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Yogic postures and brain wave activation: An experimental approach
Anup De, Samiran Mondal, Soumendra Nath Ghosh
July-December 2021, 53(2):91-99
Background: Yoga is a practice to control and develop the mental function. Scientists are trying to establish the effect of yoga on the various systems and organs in the human body by using different scientific methods and research techniques. The brain is one of the main targeted organs in yoga research. Objective: The objective of this study is to identify the electrical responses of the brain after immediate yogasana practices. Materials and Methods: Ten male (n=10) yoga practitioners having more than 8 years of experience in yogasana practice were selected as participants. Before and after immediate practices of six specific yoga postures were assessed on three different consecutive days for 15, 22.5, and 30 min. Delta, theta, alpha, sensory-motor rhythm (SMR), beta, and gamma amplitudes were assessed under the circumstance of electrical activity of the brain and measured using NeXus-10 device. Results: The outcome of the brain wave components showed that there was a decrease in delta (9.12%, 12.3%, and 19.52%), theta (12.32%, 15.9%, and 16.09%), alpha (11.99%, 17.49%, and 13.21%), SMR (6.89%, 17.27%, and 13.5%), beta (0.29%, 13.95%, and 14.4%) amplitude immediately after 15, 22.5, and 30 min practice of yoga postures, respectively. In the case of gamma amplitude, initially, it increased 8.58% in 15 min practice, there after decreasing trend was observed in 22.5 min (11.47%) and 30 min practice (15.9%). Conclusions: Immediate yogasana practices may enhance the functions of brain wave activity which increases motor activity, autonomic flexibility, and associates with a better cognitive state.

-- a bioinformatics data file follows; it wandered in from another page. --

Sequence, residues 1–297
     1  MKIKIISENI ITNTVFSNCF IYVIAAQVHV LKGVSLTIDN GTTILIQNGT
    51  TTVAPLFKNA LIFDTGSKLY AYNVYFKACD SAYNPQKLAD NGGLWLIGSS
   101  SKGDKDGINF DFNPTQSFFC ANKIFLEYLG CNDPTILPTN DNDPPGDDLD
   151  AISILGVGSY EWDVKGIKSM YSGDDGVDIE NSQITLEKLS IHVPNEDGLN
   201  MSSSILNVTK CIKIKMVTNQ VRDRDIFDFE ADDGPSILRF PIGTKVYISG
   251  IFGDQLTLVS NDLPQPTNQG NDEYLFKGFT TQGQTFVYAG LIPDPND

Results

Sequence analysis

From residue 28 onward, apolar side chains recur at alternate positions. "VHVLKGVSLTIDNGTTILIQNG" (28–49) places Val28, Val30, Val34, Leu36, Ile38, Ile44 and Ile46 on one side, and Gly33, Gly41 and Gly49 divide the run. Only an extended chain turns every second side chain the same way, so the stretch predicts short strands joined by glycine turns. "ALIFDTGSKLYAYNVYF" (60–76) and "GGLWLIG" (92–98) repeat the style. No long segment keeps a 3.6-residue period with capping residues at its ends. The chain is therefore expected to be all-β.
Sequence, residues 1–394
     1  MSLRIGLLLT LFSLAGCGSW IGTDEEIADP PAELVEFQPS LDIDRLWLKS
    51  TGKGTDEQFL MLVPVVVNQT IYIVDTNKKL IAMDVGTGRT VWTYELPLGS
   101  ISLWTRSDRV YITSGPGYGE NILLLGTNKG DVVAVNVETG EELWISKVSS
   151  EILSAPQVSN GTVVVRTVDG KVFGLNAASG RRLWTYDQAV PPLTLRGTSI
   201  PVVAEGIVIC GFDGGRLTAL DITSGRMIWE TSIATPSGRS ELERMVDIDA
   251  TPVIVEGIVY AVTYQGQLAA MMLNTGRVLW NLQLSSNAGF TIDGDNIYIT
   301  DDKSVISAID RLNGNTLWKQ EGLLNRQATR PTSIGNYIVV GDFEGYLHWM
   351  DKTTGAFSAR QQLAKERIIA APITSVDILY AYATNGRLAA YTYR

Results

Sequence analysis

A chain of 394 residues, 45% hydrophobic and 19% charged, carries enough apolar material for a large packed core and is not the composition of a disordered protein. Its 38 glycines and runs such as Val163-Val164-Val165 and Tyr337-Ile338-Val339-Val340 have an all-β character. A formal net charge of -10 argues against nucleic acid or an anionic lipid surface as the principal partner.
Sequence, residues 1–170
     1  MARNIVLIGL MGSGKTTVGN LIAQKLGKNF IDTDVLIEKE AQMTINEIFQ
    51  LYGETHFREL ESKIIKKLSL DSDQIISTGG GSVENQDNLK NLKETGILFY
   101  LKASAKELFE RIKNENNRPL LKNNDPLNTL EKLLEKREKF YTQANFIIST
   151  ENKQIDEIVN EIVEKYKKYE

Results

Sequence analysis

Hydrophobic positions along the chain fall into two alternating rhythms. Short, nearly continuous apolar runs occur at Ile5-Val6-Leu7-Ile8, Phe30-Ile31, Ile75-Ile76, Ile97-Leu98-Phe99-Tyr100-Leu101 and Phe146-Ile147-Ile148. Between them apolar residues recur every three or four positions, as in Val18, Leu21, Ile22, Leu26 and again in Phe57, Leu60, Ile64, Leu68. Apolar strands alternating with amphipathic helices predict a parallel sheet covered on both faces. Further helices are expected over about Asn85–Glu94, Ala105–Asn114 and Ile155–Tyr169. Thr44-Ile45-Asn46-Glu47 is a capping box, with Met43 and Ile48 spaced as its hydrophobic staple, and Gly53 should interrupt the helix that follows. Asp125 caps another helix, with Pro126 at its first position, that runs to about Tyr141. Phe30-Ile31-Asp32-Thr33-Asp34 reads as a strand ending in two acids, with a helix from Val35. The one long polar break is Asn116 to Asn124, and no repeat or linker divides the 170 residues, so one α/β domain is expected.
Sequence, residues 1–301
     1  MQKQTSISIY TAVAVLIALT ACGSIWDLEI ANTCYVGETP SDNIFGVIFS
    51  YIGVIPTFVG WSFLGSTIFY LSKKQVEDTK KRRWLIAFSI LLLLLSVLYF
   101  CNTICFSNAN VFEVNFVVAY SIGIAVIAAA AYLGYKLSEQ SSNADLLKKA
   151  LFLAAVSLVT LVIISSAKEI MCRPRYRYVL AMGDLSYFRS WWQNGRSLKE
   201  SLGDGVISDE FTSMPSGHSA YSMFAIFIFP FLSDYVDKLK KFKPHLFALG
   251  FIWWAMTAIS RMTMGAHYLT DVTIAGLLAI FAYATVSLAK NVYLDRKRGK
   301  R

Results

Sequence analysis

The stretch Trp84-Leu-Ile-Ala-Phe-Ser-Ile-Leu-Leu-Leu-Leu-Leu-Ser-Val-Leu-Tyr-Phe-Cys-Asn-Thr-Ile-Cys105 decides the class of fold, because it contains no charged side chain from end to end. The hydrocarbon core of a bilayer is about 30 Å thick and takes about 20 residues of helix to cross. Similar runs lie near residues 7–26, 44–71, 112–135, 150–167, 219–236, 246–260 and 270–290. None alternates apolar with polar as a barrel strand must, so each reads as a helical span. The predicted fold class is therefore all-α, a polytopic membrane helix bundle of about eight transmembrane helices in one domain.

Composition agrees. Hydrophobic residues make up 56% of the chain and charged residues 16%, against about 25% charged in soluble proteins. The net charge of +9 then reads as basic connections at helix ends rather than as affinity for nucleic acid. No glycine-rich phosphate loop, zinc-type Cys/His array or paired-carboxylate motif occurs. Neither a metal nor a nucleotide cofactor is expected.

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Effect of short duration integrated classroom yoga module on physical, cognitive, emotional and personality measures of school children
Atul Sinha, Sony Kumari
July-December 2021, 53(2):100-108
Context: Despite evidence of therapeutic benefits of yoga on school children, many schools do not include yoga in their daily schedule. Reasons cited are lack of time and resources. An efficacious short duration integrated classroom yoga module (ICYM) can overcome such problems. Aim: This study aimed to test the effect of such a yoga module on physical fitness, cognitive performance, emotional wellbeing, and personality characteristic of school children. Methods: The design was a randomized controlled trial with participants sourced from grades 7–10. The intervention period was 2 months. The primary outcome measures were 4 tests from the EUROFIT physical fitness testing battery, Stroop color-word naming task, Rosenberg self-esteem scale, WHO-5 wellbeing index, and Sushruta Child Personality Inventory. Statistical analysis used a repeated measure analysis of variance. Secondary outcome measure was a qualitative assessment. Results: The yoga group showed significant differences compared to the control group in 2 of 4 physical fitness variables, Stroop color-word naming task, and in the WHO-5 wellbeing index. Conclusion: ICYM is a validated, feasible, and efficacious school-based short-duration integrated yoga module. It can be considered for incorporation into the daily school schedule.
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Influence of Yoga-based program on health satisfaction in the Mongoloid patients diagnosed with type 2 diabetes mellitus
N Ibohal Singh, Balaram Pradhan, Mangesh Pandey, Niranjan Parajuli, Achouba Ksh Singh
July-December 2021, 53(2):109-115